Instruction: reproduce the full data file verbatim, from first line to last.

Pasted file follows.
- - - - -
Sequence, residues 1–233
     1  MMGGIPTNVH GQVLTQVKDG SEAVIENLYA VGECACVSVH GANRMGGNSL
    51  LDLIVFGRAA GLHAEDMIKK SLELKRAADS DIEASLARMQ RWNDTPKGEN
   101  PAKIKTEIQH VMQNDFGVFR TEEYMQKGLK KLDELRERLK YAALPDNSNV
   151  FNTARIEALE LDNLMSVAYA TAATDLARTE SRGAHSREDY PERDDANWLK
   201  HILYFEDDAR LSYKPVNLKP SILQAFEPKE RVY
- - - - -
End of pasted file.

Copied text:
Sequence, residues 1–233
     1  MMGGIPTNVH GQVLTQVKDG SEAVIENLYA VGECACVSVH GANRMGGNSL
    51  LDLIVFGRAA GLHAEDMIKK SLELKRAADS DIEASLARMQ RWNDTPKGEN
   101  PAKIKTEIQH VMQNDFGVFR TEEYMQKGLK KLDELRERLK YAALPDNSNV
   151  FNTARIEALE LDNLMSVAYA TAATDLARTE SRGAHSREDY PERDDANWLK
   201  HILYFEDDAR LSYKPVNLKP SILQAFEPKE RVY